Arena selection: a good choice
I'm pleased to report that I was wrong. I predicted that Gary Sparks would be chosen as the architect for the Vision 2025 downtown sports arena. My basis for that prediction -- Sparks was a major contributor to the "Vote Yes" campaign. To be fair, he would not have been a bad choice, given experience with sports venues, but it was getting a little old watching all the top contributors get selected for lucrative contracts to be paid for with the sales tax they paid to promote. But instead of Sparks, a team led by architect Cesar Pelli was picked for the job.
The difference in this case is that the decision was not made by the Tulsa County Commissioners, but by an overview committee appointed by Mayor Bill LaFortune to oversee the new arena and convention center improvements.
Several of the committee members are leaders in TulsaNow, and they wanted to be sure that the new arena would not only serve its immediate function, but would be attractive and a landmark, as well as a catalyst for new development and pedestrian activity. Many arenas create dead zones, either because they're surrounded by acres of surface parking lots, or because the arena is designed to be disconnected from its surroundings with blank exterior walls and large foreboding plaza spaces. Our Civic Center Plaza is a good example of what we don't want around the new arena. Ideally there would be something at street level -- maybe some spaces for restaurants and shops -- that would be an attraction even when there's nothing happening at the arena, and something that could spur development nearby. (There is still the problem that the proposed site is surrounded by government buildings on three sides.)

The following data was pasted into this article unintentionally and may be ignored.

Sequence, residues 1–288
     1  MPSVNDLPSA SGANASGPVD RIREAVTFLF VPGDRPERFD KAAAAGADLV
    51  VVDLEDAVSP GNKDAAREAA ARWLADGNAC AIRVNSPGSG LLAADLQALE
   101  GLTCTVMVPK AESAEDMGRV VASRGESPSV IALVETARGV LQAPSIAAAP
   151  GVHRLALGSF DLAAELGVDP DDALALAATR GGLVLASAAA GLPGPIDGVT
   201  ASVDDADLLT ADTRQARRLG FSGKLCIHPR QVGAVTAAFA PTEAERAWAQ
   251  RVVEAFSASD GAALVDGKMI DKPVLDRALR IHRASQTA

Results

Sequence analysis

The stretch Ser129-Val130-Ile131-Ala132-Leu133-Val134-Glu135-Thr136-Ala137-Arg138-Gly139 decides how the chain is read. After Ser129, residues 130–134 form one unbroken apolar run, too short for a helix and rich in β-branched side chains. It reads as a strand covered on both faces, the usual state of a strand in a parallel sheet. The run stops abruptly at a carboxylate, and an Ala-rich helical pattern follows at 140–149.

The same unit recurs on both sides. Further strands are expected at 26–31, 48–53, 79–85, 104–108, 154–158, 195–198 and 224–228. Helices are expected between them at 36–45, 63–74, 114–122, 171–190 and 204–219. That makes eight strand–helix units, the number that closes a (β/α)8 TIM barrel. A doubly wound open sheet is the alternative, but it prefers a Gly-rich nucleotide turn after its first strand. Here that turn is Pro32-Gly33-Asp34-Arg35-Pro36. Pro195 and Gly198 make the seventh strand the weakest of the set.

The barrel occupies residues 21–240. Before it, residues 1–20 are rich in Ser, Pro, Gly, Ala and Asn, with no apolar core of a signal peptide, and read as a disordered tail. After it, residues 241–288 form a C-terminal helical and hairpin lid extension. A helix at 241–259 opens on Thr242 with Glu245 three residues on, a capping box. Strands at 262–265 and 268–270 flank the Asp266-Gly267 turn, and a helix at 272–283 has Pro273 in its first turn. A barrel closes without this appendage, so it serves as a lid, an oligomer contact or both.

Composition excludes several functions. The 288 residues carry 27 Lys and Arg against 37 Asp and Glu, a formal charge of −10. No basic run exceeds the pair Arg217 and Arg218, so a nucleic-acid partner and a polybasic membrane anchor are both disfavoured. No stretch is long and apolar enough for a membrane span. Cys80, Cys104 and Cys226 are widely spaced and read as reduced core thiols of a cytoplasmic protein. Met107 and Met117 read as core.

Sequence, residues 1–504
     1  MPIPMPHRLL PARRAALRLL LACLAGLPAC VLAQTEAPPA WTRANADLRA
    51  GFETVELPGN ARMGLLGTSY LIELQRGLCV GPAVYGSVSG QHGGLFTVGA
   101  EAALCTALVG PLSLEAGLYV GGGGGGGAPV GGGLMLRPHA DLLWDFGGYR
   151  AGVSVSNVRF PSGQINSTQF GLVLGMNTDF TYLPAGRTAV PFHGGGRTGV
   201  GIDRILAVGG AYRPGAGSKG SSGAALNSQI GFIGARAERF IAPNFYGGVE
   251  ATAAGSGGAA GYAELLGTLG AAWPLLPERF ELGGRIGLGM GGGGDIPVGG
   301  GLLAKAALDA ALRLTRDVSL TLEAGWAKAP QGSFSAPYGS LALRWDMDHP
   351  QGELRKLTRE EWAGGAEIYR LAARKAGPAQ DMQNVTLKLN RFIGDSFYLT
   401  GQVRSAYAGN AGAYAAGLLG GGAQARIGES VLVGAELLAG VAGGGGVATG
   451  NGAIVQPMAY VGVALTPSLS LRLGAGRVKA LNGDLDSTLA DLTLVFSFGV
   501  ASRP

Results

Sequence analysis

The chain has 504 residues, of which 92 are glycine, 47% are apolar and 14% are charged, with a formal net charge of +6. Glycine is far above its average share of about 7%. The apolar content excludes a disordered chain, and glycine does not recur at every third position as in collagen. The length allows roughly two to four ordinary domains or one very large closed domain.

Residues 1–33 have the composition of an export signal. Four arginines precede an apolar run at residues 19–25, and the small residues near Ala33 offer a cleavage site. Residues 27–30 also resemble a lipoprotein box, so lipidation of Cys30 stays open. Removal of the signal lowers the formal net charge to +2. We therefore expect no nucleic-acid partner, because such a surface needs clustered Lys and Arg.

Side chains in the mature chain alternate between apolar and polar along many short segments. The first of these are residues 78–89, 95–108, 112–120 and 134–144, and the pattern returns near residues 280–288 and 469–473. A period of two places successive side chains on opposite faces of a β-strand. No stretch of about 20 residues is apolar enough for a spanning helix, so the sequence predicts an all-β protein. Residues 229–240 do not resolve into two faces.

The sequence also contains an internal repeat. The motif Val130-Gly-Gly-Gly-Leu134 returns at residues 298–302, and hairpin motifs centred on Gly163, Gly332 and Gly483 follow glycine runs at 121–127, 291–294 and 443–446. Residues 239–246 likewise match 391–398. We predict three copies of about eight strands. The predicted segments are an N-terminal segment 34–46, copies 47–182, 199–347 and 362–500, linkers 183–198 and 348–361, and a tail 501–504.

The good news is that these same people will be involved all through the process, and the dialogue will continue as the architects and engineers bring forward concepts for the new facility.